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Dow Chemical Moving on Green Projects

By    |   Thursday, 23 Jun 2011 12:08 PM

Say what you must about “greenwashing” — the idea that by implementing a project here and there will give a company an “environmentally friendly” look — it’s something that consumers want and an area where Dow Chemical Co. (DOW) is expecting to outpace its competitors.

Dow is the largest chemical producer in North America, with more than $55 billion in revenues in the year ending in March and one of the global chemical giants. It’s hard to avoid bad press, by the nature of its industry.

Dow also is a major energy consumer and user of petroleum as a feedstock for many of its chemicals. And that is something that is starting to worry U.S. consumers again after environmental issues took a back seat to the economy during the recession.

According to the annual ImagePower Global Green Brands Study, which surveyed 9,000 adults in eight countries, 73 percent of U.S. consumers say they believe it is important to buy from “green” companies.

In an attempt to reduce its negative impact both on the environment and on its books, Dow is undertaking a series of measures to green up the place, starting at home.

It signed a power purchase agreement in late May with power provider Consumers Energy to buy electricity produced from a landfill gas-to-energy project. What that means is a quarter of Dow’s corporate center energy needs will be supplied by local clean energy, reducing the company’s carbon footprint by the equivalent of removing 20,000 cars off the road.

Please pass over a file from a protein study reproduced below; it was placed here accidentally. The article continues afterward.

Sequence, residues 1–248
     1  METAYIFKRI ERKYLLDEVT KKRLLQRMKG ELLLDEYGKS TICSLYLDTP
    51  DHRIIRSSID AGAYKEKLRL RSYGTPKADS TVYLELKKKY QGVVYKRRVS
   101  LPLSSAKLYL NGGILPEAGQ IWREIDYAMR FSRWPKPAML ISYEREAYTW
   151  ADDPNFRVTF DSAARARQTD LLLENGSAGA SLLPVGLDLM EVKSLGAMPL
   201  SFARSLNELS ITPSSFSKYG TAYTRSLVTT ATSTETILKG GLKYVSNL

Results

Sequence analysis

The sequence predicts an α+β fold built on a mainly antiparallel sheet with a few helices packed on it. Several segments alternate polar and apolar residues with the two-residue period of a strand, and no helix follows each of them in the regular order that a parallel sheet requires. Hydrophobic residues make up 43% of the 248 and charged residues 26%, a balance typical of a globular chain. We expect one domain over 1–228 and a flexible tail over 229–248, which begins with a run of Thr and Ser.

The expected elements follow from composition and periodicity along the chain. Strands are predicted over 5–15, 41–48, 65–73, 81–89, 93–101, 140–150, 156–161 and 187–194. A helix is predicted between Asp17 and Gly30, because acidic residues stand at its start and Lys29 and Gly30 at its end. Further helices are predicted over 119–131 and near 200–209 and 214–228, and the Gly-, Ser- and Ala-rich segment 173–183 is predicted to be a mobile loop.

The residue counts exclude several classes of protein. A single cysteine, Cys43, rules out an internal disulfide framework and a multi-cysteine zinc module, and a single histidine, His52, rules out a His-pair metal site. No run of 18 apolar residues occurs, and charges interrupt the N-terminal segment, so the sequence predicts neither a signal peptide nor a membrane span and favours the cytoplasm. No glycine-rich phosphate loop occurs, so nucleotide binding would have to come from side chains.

That figure is set to double later in the year when a second landfill gas-to-energy project comes online.

But the greening doesn’t stop there. The company also recently bought more than 100 hybrid electric (PHEV) Ford F-150 pickup trucks. The move isn’t entirely altruistic; the engines are operated by lithium ion battery technology developed by Dow via a joint venture known as Dow Kokum. The purchase is a reinvestment that greens 5 percent of its U.S. truck fleet at the same time.

Saving the world

This greening exercise isn’t an accident but part of Dow’s 2015 Sustainability Goals. It is trying to reduce greenhouse gas emissions by 2.5 percent by 2015 compared to 2005 levels, as well as reduce its overall energy intensity by 25 percent, among a host of other goals.

What does that mean for the bottom line? According to Fitch Ratings, as long as these green investments — and others — don’t end in negative free cash flow after capex and dividend payouts, and assuming the chemical industry as a whole doesn’t nosedive, then its rating should remain in place.

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Say what you must about greenwashing the idea that by implementing a project here and there will give a company an environmentally friendly look it s something that consumers want and an area where Dow Chemical Co. (DOW) is expecting to outpace its competitors. Dow...
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2011-08-23
Thursday, 23 Jun 2011 12:08 PM
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